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    respective security holders of the acquired companies.
Disclosure Regarding Non-Shareholder-Approved Plans. The 1994 Stock Option Plan (“1994 Plan”) provided for the grant of stock options to employees other than officers and directors. The 1994 Plan, which was not approved by stockholders, was terminated as to future grants. The 1994 Plan is administered by the Compensation Committee, which has the power to determine matters relating to outstanding option awards under the 1994 Plan, including conditions of vesting and exercisability. Options granted under the 1994 Plan expire no later than 10 years from the grant date. Options granted under the 1994 Plan generally vest in two or four years from the date of grant. Mr. Murray’s options under his Stand Alone Stock Option Agreement with R. Scott Murray dated January 25, 2006 have a term of 7 years from the date of grant and would have vested and become exercisable in four equal annual installments on the anniversary of the date of grant.

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EMPLOYMENT, SEVERANCE AND CHANGE-OF-CONTROL ARRANGEMENTS
Employment Arrangements
     Set forth below is a summary of the employment arrangements with our currently-employed “named executive officers” listed in the Summary Compensation Table of this Proxy Statement. All of the employment arrangements described below are “at-will.”
Donald M. Halsted, III
     On June 19, 2004, we entered into an offer letter with Donald M. Halsted, III pursuant to which Mr. Halsted agreed to serve as 3Com’s Executive Vice President and Chief Financial Officer. The terms of the offer letter include:
    A base salary of $325,000 per year, which has subsequently been increased to $350,000;
 
    Eligibility to participate in our 3Bonus Program, which provides for discretionary, semi-annual cash incentive payments based on the achievement of certain company and individual performance goals established by us, at a target annualized bonus of 65% of base salary;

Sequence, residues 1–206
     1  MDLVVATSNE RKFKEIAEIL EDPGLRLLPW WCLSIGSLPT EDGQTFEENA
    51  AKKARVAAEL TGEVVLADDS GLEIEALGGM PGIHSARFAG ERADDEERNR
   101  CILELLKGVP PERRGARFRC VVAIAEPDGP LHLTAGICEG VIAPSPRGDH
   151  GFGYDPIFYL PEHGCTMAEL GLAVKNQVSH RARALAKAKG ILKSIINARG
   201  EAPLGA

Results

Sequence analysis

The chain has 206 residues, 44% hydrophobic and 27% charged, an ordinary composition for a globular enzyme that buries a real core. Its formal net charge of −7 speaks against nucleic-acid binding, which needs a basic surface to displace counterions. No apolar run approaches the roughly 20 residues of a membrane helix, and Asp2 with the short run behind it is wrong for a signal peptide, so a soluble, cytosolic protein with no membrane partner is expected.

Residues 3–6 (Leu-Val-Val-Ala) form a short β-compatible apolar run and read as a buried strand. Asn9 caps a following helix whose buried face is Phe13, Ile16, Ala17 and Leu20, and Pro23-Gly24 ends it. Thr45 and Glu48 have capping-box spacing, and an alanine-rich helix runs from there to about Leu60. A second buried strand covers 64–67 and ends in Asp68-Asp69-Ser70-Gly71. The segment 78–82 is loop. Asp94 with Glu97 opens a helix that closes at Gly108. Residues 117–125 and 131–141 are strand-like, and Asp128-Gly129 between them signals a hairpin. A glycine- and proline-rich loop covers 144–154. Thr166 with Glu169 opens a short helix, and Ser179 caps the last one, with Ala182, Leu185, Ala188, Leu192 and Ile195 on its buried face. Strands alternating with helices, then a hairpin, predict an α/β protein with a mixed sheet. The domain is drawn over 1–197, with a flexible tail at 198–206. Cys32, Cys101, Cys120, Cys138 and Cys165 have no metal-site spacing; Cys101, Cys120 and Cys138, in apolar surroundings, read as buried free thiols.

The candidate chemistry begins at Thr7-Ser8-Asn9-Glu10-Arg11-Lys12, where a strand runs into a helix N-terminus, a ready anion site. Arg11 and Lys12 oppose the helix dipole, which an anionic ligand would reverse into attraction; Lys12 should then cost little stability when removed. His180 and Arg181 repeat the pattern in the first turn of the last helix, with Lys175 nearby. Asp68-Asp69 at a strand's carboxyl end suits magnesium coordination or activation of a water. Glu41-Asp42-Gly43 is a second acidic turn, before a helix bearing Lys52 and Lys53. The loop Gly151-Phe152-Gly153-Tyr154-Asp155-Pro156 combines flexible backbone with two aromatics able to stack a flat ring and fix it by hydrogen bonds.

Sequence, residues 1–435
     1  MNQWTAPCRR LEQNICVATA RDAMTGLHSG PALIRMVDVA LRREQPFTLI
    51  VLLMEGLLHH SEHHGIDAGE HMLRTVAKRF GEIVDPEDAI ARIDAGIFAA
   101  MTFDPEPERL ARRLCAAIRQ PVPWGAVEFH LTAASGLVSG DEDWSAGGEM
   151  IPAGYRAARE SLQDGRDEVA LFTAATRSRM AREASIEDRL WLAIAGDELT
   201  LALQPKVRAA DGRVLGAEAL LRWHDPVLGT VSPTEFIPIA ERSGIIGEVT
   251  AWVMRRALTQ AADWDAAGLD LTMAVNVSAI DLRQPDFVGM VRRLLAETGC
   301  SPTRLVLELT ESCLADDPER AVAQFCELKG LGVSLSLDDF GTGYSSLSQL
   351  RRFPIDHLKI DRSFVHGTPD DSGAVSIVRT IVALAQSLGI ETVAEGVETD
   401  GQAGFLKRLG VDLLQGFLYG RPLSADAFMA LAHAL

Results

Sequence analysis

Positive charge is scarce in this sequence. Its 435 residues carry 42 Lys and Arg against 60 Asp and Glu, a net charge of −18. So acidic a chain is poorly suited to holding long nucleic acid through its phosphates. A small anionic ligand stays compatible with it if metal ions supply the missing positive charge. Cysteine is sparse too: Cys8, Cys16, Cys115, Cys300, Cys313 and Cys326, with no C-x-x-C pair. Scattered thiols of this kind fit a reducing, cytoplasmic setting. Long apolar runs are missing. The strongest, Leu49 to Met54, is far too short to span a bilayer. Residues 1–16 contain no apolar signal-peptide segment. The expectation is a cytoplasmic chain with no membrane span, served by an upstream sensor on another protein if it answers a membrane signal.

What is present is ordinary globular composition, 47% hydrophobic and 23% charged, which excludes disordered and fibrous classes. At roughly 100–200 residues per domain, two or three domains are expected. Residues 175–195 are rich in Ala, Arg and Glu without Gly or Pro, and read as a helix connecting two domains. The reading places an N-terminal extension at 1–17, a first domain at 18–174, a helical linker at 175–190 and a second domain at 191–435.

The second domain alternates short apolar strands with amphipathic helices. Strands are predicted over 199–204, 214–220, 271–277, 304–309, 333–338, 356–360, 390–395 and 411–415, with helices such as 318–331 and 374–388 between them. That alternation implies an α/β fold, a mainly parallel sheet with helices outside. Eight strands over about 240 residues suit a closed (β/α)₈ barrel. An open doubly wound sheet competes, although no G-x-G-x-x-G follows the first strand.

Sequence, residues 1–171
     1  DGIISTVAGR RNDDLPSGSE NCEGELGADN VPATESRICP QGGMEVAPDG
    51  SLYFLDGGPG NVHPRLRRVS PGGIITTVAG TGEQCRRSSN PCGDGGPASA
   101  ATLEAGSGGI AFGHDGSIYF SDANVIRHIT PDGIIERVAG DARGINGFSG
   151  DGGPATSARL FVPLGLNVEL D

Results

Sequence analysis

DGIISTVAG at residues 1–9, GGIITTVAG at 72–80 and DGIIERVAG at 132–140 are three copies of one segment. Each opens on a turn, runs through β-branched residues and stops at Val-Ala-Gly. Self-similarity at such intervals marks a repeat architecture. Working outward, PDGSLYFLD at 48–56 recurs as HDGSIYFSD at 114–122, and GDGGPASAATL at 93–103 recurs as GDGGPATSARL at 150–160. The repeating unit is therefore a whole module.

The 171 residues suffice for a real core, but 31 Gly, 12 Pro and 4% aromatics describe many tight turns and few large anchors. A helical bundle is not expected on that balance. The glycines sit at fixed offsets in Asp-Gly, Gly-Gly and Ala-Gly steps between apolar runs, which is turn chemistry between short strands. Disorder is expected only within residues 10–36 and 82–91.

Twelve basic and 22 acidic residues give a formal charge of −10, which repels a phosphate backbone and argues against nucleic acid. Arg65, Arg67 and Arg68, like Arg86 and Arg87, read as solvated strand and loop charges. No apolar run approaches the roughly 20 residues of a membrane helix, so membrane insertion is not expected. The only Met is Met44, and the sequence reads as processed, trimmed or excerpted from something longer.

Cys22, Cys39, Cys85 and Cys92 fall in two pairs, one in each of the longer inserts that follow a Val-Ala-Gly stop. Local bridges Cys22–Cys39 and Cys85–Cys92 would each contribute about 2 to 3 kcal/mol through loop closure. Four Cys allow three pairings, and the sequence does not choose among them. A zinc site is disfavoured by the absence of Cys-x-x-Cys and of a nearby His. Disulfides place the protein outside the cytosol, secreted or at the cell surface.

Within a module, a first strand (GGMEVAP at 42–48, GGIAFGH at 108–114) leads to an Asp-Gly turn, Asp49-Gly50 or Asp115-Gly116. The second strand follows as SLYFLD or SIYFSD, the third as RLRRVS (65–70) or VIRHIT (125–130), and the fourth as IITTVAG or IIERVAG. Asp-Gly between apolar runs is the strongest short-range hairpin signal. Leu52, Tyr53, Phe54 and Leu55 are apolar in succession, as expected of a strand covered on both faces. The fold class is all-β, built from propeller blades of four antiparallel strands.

An obligation to grant Mr. Halsted options to purchase 425,000 shares of our common stock, which options will vest as to 25% of the underlying shares on each anniversary of the grant date, assuming continued employment;
 
    An obligation to grant Mr. Halsted 50,000 shares of restricted stock, which shares will vest as to 25% of the underlying shares on each anniversary assuming continued employment; and
 
    An obligation to grant Mr. Halsted 30,000 shares of restricted stock, which shares will vest as to 50% of the underlying shares on each anniversary assuming continued employment.
Neal D. Goldman
     On September 12, 2003, we entered into an offer letter with Neal D. Goldman pursuant to which Mr. Goldman agreed to serve as 3Com’s Senior Vice President Management Services, General Counsel and Secretary. The terms of the offer letter include:
    A base salary of $375,000 per year;
 
    A signing bonus of $300,000, with $150,000 paid within thirty days of Mr. Goldman’s start date and the remaining $150,000 paid one year after Mr. Goldman’s start date;
 
    Eligibility to participate in our 3Bonus Program, which provides for discretionary, semi-annual cash incentive payments based on the achievement of certain company and individual performance goals established by us, at a target annualized bonus of 65% of base salary;
 
    An obligation to grant Mr. Goldman options to purchase 330,000 shares of our common stock, which options will vest as to 25% of the underlying shares on each anniversary of the grant date, assuming continued employment; and
 
    An obligation to grant Mr. Goldman 20,000 shares of restricted stock, which shares will vest as to 25% of the underlying shares on each anniversary, assuming continued employment.
Marc Willebeek-LeMair
     Effective November 2, 2005, we entered into an offer letter with Mr. Willebeek-LeMair pursuant to which Mr. Willebeek-LeMair agreed to serve as 3Com’s Chief Technology Officer and Senior Vice President. The terms of

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the offer letter include:
    A base salary of $350,000 per year;
 
    Eligibility to participate in our 3Bonus Program, which provides for discretionary, semi-annual cash incentive payments based on the achievement of certain company and individual performance goals established by us, at a target annualized bonus of 65% of base salary;
 
    An obligation to grant Mr. Willebeek-LeMair options to purchase 500,000 shares of our common stock, which options will vest as to 25% of the underlying shares on each anniversary of the grant date, assuming continued employment;
 
    An obligation to grant Mr. Willebeek-LeMair 200,000 shares of restricted stock, which shares will vest as to 100% of the underlying shares on the first anniversary assuming continued employment;
 
    An obligation to grant Mr. Willebeek-LeMair 200,000 shares of restricted stock, which shares will vest as to 25% of the underlying shares on each anniversary of the grant date, assuming continued employment, and which shares shall be subject to accelerated vesting upon attainment of strategic objectives to be established by our President and Chief Executive Officer; and